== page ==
Architecture should be the ideal field of study for applying to service learning since it requires mastery of theoretical concepts for direct application to human situations and needs. Though architecture has long fostered learning by doing, it is only recently that the field’s hands-on aspects have been subjected to more systematic appraisal. This book is the first book to make a formal connection between service learning pedagogy and architectural practice, and to address the related issues, both professional and ethical.This book looks equally at the emergence in the sixties of planning departments out of schools of architecture, and at planning’s shift in orientation away from “master planning,” elite designers, and signature buildings to the mainstream acceptance of neighborhood-based planning and socially engaged practice. This turn has led to far more widespread adoption of service learning in planning programs.The chapters in this book illustrate how service learning can be used to develop a wide range of professional skills in students, including land use and building condition surveys, zoning analysis, demographic analysis, cost estimating, public presentation, site planning, urban design, participatory design processes, public workshops, and design charrettes as well as measured drawings of existing buildings.The author demonstrates how community design programs are more than service activities; and how they can be models of interdisciplinary teamwork, often involving planners, urban designers, and landscape architects as well as scholars and researchers from related fields.The essays in this book offer insights into both successful initiatives and roadblocks along the way and address the practicalities of the use of this powerful pedagogy.
About This Series—William Zeisel Introduction. The Pedagogy of Engagement—Anthony W. Schuman Part 1. Designing and Implementing Service-Learning in Architecture and Planning Education A Core Commitment to Service-Learning. Bridging Planning Theory and Practice—Lorlene M. Hoyt Institutional Support for Community-Based; Architecture and Planning Outreach Scholarship at Auburn University—Sharon Gaber and Daniel Bennett Where Do We Go from Here? An Evaluative; Framework for Community-Based Design—Michael Rios Part 2. Course Narratives Research as Ethical Practice. When Academic Goals Align with Community Needs—Mary C. Hardin Achieving Large-Scale Community Development Projects in a Teaching University—Hollie M. Lund and Gwen Urey Sore Shoulders, Bruised Ethics; The Unintended Lessons of Design-Build—Scott Wing Multiplying Knowledge. Service-Learning x Activism = Community Scholars—Jacqueline Leavitt and Kara Heffernan Beyond Boundaries, Weaving Connections. Reflections on the American Indian Housing Initiative—David Riley, Michael Rios, Scott Wing, and Beth Workman Shifting Ground. Design as Civic Action and; Community Building—Paula Horrigan Service-Learning as a Holistic Inquiry and Community Outreach Studios—Joongsub Kim and James Abernethy Reflection and Reciprocity in Interdisciplinary; Design Service-Learning—Keith Diaz Moore and David Wang Service-Learning in Texas Colonias—Anne Beamish The Electric Greening of North Hollywood. A Case Study in Environmental Design Education Through Service-Learning—Julie A. Dercle Funded Planning and Design Studios. The Master of Infrastructure Planning Program at NJIT’s New Jersey School of Architecture—Darius Sollohub Community Life and Places of Death—Umit Yilmaz and Daniel J. Nadenicek Contributors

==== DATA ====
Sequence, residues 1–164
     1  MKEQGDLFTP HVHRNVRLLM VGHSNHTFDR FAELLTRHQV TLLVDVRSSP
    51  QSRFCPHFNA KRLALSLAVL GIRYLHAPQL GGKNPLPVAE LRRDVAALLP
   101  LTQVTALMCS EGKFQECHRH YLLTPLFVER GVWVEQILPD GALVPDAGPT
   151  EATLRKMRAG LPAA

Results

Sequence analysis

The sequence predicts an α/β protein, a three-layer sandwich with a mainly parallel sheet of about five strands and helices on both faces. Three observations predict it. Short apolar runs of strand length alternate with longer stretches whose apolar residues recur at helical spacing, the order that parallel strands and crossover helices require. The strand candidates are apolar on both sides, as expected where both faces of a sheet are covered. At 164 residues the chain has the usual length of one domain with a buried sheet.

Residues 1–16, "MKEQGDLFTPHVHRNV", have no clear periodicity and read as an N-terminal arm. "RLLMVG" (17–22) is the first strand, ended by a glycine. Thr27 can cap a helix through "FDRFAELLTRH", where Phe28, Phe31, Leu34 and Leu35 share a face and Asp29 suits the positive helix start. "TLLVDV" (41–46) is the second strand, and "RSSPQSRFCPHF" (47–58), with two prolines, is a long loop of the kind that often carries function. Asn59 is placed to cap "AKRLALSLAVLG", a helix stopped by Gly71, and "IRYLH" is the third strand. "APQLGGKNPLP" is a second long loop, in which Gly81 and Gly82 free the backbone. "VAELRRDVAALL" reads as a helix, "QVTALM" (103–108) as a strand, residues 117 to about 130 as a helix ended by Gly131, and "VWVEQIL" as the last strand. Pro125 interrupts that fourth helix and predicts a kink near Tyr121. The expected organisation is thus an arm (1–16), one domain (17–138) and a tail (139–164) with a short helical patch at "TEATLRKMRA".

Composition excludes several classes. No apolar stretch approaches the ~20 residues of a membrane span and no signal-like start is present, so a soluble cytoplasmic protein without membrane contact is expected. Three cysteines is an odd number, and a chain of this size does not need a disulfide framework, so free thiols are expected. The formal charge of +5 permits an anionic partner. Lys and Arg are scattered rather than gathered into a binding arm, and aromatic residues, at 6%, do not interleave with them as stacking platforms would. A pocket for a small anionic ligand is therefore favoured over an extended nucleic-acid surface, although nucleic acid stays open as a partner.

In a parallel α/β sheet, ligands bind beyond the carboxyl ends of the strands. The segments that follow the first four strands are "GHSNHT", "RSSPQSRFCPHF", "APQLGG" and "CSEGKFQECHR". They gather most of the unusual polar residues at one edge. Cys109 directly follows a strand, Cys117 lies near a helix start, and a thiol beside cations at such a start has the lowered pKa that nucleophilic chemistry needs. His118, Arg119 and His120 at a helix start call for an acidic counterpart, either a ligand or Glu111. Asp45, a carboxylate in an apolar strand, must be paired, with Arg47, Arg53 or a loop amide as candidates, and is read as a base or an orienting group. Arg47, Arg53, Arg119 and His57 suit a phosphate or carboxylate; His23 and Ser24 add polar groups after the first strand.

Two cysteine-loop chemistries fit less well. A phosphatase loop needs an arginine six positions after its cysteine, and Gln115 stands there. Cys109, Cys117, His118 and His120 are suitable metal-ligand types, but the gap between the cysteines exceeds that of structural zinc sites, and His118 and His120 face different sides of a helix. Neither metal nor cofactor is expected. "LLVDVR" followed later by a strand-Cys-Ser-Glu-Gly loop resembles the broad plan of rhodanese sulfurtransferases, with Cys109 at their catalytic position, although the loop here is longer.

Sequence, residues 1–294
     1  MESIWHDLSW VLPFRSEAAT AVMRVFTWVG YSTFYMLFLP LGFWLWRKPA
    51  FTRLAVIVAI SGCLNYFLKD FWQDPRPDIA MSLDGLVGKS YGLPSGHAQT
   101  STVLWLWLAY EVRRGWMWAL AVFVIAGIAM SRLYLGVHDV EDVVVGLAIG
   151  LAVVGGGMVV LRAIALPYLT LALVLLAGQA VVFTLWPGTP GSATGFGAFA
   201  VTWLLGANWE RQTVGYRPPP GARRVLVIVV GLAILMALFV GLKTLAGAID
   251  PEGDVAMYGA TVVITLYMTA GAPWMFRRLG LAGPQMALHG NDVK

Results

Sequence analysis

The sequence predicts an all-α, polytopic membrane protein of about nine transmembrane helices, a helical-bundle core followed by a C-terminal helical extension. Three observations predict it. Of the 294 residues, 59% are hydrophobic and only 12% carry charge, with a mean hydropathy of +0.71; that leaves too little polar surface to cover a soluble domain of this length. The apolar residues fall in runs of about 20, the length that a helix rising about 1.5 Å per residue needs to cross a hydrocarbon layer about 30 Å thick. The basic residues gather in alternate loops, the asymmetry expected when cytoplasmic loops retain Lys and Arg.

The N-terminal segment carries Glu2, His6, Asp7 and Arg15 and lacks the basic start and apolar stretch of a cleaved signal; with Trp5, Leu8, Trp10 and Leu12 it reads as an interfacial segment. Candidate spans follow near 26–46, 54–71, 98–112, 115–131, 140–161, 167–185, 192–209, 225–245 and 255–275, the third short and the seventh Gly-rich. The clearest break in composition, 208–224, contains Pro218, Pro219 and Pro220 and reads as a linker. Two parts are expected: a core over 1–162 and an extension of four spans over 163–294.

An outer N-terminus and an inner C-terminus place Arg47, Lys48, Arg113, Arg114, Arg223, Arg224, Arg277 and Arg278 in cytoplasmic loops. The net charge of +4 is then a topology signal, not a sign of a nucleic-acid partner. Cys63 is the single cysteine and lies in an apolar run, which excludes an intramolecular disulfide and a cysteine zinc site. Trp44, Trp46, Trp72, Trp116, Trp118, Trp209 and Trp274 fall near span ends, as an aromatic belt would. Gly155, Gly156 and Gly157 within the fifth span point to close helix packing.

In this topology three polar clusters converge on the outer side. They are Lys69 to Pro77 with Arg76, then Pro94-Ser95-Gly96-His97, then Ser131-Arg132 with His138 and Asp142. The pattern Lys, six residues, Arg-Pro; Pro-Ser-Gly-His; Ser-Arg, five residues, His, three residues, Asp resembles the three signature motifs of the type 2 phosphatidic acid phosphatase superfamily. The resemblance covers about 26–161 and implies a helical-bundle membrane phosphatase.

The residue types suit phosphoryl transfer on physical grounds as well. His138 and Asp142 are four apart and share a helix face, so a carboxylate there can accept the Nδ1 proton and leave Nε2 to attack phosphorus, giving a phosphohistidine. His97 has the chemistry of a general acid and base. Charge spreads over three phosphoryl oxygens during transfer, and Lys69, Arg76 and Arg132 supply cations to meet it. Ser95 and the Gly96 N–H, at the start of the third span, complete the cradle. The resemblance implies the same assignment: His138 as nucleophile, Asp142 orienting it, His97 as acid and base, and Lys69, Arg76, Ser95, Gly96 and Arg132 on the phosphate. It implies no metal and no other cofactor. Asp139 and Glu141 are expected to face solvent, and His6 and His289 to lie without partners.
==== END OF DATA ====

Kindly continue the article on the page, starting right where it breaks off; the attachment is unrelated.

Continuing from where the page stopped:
"A dozen essays by American academics describe how they have used service learning pedagogy in their urban plannin and architecture courses. Several more contributiors look at broader issues, such as institution support for community-baed architecture and integration of planning theory and ptractice. Together, they identify some successful service learning practices while pointing out some commonly encountered obstacles."
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